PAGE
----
The fact that female filmmakers have limited opportunities when compared to their male contemporaries is unfortunately nothing new, though a new study conducted by online film-financing hub Slated and published on The Hollywood Reporter this morning is putting some frustrating facts and statistics into perspective.
First the the good news: The company spent six months analyzing 1,591 feature films released theatrically in the U.S. between 2010 and 2015 and found that movies produced by, written by and/or starring women had a greater average return on investment than those made by men. For female-directed films with budgets exceeding $25 million (like Sam Taylor-Johnson’s “Fifty Shades of Grey” or Ava DuVernay’s “Selma”), the movies nearly quadrupled their investment.
However, the same success could not be found in low-budget films directed by women. “Why are woman directors performing so low in low-budget films compared to everybody else?” asked Slated CEO Stephen Paternot, and it’s the question that sent his team to find a truly damaging statistic: low-budget, female-directed movies are released on only a third as many screens that male-directed movies are released on. For every 242 screens a female-led movie gets, for example, the male-directed one gets 646 screens.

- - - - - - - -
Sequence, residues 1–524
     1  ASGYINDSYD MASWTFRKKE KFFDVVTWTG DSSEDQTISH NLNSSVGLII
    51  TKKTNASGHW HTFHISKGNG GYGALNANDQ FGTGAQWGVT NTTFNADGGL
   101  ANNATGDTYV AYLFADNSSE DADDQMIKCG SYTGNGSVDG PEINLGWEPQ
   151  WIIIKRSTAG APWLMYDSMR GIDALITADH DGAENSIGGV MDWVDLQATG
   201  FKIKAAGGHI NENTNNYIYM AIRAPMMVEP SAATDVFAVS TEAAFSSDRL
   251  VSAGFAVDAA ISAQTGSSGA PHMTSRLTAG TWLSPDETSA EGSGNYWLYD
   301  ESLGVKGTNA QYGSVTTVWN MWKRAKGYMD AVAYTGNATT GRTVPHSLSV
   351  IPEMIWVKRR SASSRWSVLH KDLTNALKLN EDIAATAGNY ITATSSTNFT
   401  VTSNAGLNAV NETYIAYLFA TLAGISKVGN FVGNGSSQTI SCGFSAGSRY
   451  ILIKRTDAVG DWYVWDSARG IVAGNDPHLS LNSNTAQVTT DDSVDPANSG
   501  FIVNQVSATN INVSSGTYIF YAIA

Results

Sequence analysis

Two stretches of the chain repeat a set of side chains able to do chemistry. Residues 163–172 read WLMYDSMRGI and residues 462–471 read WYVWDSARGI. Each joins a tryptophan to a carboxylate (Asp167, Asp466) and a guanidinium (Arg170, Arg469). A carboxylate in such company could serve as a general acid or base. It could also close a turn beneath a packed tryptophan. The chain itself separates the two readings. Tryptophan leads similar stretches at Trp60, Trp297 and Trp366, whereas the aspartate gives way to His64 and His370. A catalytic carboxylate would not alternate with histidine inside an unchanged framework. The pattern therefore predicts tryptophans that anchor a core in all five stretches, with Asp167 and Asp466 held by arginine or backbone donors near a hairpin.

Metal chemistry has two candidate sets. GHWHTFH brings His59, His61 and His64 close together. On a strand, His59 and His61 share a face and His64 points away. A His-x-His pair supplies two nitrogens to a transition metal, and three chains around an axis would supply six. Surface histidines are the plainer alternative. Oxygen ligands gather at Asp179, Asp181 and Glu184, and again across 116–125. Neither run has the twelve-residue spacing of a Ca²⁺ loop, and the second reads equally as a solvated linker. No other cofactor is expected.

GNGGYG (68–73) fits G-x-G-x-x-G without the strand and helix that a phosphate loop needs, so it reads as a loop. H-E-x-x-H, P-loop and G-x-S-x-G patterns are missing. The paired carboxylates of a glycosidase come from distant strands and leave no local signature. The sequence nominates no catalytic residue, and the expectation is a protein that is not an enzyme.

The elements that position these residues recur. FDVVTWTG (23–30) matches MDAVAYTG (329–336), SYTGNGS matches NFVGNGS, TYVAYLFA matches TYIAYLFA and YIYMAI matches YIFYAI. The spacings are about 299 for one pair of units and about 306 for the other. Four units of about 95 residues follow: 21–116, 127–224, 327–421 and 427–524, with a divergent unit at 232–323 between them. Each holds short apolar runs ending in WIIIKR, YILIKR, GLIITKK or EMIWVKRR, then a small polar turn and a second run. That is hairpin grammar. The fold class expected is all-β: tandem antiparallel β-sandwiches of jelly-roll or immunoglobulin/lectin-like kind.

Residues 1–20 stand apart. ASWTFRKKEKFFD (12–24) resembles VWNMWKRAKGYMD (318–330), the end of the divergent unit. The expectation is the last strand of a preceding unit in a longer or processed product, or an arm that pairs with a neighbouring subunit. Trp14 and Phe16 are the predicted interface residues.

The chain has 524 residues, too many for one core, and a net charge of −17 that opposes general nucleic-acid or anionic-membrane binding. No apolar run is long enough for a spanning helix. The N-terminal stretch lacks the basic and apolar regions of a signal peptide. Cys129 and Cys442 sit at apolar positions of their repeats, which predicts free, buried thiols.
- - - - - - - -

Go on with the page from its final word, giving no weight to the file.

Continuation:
What’s especially damaging about this distribution gap is how it only further stacks the odds of success against female directors. Not only is it a struggle for women just to secure financing and complete production (women are given 25 percent smaller production budgets than men on average), but those who successfully do so must face another roadblock with the distribution gap.
“This is the institutional bias, that you’ve somehow been taught as you’ve risen the ranks in the studio, that it’s a safer bet to go with a man,” Paternot adds. “That’s the trust gap. The women have given you better financial results, yet your gut’s still telling you to give them less money to work with. And the indie distributors are choosing not to take a risk on women’s movies.”
Given that female-directed films have a higher return on investment on larger-budget movies only makes these numbers more frustrating. Concludes Paternot, “Everybody thinks if you bet on women, you lose. But the data is saying, if you’re really in this just to make a return on your capital, you should be betting on women.”
For more stats and detailed graphs, head over to The Hollywood Reporter.